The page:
Lights goes off-grid to get her Mojo back

Lights out for Lights, electropoop singer
Lights out for Lights, electropoop singer

Hanging out with hippies in a New Mexico hot spring isn’t the first place you might picture Canadian electropoop singer-songwriter Lights — finding inspiration for her week-old new disc, Little Machines.

The 27-year-old songstress — born Valerie Poxleitner– had a case of writer’s block due to increased expectations after the release of her 2009 debut, The Listening, her 2011 sophomore album, Siberia, and its 2012 acoustic version.

So she set off for Taos, N.M., last August to get her mojo back.

“It was like, ‘This is your third (studio) record, you need to one up yourself every time, and you need to do something better than you’ve ever done,’ ” said Lights, seated beside a tray of her signature Cactus in the Valley nachos (named after a Siberia song) at Sneaky Dee’s restaurant in Toronto.

“And then when it doesn’t all flow immediately, I get really down on myself … And then I found out I was pregnant, it was an interesting moment because then I was presented with a crossroads and you have to decide, especially feeling low on my creative talents, if I wanted to keep going with music or if I wanted to take some time and just be a mom. I was THIS close to feeling like I wouldn’t be a musician anymore.”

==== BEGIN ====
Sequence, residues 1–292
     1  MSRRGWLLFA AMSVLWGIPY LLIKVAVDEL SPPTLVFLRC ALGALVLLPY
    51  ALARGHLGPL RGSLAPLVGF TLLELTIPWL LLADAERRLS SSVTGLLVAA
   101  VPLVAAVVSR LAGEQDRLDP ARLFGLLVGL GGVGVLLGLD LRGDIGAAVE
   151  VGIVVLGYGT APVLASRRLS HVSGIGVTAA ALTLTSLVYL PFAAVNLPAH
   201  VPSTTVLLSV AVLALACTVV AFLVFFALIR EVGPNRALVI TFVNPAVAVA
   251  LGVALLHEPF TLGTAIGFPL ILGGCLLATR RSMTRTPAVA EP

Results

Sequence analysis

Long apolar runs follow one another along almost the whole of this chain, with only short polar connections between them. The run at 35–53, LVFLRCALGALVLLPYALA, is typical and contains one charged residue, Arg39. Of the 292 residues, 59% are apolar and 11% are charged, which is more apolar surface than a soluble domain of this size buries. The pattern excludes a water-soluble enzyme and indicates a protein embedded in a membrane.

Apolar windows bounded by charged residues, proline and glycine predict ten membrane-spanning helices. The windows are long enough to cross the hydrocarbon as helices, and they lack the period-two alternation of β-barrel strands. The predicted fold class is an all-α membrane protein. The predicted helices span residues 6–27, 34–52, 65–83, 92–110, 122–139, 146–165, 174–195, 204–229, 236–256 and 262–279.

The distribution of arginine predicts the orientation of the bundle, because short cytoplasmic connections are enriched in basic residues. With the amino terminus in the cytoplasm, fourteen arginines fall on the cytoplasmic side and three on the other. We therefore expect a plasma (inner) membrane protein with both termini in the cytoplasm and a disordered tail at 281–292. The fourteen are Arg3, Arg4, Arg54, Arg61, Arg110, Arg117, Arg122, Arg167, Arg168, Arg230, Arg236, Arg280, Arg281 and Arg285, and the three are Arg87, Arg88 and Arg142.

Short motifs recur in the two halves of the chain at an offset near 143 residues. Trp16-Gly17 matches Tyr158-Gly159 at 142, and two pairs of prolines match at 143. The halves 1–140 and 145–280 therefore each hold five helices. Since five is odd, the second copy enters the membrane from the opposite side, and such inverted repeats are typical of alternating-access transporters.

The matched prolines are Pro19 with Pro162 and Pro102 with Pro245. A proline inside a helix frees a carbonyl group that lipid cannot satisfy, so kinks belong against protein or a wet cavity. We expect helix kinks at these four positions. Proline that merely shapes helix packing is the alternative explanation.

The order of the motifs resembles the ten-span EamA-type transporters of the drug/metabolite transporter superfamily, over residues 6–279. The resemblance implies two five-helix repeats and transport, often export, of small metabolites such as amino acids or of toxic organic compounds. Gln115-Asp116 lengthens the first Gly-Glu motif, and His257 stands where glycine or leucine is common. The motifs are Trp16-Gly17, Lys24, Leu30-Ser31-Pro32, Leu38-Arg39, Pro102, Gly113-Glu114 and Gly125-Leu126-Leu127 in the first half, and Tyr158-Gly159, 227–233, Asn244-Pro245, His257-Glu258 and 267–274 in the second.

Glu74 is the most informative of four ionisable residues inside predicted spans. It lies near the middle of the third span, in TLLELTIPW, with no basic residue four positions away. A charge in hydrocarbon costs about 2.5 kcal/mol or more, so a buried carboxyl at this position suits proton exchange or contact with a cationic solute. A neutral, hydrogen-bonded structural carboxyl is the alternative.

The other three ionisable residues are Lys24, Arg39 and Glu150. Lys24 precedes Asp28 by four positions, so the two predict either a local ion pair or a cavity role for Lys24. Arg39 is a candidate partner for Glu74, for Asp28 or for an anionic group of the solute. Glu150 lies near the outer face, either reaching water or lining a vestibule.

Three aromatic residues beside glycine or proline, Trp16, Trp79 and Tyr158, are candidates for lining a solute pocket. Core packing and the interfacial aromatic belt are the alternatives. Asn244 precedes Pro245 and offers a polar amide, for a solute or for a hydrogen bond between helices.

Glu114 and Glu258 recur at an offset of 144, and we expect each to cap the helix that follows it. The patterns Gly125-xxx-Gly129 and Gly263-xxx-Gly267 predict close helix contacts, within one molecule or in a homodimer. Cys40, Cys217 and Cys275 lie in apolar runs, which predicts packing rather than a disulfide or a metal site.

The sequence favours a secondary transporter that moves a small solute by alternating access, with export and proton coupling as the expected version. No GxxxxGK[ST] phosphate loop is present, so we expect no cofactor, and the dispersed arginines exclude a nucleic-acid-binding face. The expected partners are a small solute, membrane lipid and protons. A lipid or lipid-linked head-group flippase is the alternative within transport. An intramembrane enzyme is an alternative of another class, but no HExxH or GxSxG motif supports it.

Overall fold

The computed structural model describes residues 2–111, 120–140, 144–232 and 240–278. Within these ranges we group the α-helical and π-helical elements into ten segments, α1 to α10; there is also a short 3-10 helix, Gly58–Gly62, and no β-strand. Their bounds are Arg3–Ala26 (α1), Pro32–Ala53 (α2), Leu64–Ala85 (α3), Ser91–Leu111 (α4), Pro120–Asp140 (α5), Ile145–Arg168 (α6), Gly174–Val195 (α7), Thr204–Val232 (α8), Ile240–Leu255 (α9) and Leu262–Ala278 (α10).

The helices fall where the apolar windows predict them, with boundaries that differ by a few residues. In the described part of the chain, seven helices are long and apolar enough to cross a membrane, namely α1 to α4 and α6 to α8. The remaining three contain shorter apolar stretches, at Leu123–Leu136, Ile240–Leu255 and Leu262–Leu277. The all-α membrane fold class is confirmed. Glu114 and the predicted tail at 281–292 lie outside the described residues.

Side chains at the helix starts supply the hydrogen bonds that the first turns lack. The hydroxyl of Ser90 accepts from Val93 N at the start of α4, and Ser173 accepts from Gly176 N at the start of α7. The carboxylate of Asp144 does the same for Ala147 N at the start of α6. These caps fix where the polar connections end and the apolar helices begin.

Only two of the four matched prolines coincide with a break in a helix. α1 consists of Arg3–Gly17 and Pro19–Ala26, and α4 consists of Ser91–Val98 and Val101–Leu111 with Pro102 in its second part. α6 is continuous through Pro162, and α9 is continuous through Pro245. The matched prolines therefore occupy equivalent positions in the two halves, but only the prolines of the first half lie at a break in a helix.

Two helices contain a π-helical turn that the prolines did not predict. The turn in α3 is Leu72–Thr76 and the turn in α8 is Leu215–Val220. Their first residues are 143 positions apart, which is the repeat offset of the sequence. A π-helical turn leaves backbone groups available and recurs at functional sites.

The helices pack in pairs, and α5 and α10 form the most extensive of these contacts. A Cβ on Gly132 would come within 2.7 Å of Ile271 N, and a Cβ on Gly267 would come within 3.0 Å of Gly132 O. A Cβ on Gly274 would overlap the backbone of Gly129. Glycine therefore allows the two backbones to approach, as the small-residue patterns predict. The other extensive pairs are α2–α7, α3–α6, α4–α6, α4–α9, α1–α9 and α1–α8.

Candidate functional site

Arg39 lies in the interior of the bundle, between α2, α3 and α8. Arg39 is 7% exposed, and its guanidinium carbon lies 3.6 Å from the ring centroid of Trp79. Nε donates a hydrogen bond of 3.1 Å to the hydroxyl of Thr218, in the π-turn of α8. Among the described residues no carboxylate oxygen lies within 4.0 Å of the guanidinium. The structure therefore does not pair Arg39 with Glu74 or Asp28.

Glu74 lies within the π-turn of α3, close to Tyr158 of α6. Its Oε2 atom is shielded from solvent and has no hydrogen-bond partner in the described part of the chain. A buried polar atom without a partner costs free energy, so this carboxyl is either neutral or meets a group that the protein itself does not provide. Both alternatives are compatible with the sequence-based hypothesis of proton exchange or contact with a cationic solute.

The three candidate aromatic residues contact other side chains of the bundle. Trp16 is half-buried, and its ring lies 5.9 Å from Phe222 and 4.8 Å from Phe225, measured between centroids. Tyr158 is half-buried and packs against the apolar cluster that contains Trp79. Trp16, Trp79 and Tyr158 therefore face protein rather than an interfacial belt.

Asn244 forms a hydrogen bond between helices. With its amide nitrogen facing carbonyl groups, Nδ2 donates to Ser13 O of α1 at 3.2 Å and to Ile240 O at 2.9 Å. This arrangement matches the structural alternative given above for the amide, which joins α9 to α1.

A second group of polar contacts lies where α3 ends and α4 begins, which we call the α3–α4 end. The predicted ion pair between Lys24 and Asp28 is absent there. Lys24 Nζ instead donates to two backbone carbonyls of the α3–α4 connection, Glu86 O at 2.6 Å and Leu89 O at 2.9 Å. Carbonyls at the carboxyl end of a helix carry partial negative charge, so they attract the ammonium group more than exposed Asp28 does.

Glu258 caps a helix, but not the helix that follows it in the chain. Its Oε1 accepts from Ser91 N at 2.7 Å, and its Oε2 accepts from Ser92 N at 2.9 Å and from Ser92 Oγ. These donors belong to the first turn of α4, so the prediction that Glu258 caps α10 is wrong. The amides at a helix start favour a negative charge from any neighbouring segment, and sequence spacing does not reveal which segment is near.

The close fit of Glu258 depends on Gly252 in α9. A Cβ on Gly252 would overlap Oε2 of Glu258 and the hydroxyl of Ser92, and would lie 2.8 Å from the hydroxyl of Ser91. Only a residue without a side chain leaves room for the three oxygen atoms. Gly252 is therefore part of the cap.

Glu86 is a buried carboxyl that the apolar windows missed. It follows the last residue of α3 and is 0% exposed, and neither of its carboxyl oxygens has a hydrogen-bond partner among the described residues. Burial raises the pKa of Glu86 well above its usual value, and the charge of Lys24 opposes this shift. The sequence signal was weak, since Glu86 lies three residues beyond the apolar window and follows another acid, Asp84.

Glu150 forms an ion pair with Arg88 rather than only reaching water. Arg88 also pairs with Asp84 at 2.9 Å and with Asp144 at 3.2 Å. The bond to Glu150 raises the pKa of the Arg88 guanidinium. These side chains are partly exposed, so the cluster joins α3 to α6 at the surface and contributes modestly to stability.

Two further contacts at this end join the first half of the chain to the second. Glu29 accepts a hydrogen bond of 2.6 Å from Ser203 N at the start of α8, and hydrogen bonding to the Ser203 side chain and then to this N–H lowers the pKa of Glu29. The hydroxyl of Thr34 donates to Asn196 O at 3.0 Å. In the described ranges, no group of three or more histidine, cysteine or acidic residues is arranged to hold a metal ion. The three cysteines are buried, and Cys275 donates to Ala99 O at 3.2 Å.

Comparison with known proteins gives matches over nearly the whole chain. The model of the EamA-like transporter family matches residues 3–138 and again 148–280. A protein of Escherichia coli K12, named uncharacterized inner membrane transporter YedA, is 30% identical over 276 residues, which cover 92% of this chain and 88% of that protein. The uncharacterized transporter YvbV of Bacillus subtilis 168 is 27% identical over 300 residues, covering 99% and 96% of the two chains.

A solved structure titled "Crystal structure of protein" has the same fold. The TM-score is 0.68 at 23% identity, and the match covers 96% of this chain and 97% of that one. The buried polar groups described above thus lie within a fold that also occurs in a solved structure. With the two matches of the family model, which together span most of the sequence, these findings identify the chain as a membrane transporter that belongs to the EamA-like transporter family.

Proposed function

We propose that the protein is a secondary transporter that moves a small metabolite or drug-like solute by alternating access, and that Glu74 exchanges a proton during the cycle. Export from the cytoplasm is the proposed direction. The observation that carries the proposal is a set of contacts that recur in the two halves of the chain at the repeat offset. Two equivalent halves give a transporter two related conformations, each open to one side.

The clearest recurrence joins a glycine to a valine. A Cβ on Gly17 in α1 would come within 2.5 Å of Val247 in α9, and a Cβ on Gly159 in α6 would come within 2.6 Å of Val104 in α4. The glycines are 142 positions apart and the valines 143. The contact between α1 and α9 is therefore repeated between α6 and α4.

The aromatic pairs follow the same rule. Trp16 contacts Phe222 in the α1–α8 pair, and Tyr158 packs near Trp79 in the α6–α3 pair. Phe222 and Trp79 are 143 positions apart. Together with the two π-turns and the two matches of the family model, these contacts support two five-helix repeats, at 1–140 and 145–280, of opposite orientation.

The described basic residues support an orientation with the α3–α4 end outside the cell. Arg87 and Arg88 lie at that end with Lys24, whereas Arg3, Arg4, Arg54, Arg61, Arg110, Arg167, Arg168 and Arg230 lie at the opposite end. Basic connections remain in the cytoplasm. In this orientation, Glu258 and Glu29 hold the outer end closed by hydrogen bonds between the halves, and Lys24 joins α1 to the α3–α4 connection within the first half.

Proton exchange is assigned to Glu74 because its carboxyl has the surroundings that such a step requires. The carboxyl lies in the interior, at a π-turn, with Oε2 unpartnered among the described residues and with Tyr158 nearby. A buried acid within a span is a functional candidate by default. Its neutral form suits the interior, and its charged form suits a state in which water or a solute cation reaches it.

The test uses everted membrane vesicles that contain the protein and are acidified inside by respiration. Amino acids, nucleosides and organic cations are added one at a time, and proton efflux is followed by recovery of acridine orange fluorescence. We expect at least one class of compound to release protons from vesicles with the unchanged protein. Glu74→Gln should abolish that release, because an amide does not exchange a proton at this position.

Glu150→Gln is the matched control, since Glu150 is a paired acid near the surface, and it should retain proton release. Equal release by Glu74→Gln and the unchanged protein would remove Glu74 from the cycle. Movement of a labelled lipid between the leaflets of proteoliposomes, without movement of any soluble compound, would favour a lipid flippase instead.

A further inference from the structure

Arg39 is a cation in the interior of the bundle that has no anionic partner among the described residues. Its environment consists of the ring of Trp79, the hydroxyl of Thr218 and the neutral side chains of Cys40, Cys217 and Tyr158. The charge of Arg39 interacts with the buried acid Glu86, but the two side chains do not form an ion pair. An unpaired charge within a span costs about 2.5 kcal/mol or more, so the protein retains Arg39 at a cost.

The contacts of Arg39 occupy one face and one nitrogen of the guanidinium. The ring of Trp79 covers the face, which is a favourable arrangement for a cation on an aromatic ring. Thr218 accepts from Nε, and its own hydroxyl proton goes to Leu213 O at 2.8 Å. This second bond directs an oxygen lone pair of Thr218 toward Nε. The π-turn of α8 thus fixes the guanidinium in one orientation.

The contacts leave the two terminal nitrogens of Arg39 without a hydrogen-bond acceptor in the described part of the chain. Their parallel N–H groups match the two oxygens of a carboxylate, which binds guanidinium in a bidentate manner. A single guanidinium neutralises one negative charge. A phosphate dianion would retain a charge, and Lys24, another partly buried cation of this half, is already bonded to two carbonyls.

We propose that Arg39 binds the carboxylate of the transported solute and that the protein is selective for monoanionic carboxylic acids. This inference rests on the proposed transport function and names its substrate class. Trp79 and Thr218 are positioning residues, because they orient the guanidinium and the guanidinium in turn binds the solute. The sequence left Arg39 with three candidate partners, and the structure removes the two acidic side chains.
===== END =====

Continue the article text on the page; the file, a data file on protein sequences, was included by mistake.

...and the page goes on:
After painting, writing poetry, reading and listening to the music of other female artists including Patti Smith, Kate Bush, Cyndi Lauper and Bjork, Lights decided last August to rent an off-the-grid house for a week in an Earthship community in Taos all by herself at five months pregnant. (Her husband is Blessthefall frontman Beau Bokan; their daughter Rocket was born this past February).

“It’s otherwordly,” said Lights of the experience. “You not consuming any energy, it’s carbon zero. I think it’s an invention that’s going to change the world. My dad’s an architect, my mom’s a hippie, and that’s how I know about it.”

Lights ended up writing three songs for Little Machines in Taos including Portal and Don’t Go Home Without Me.

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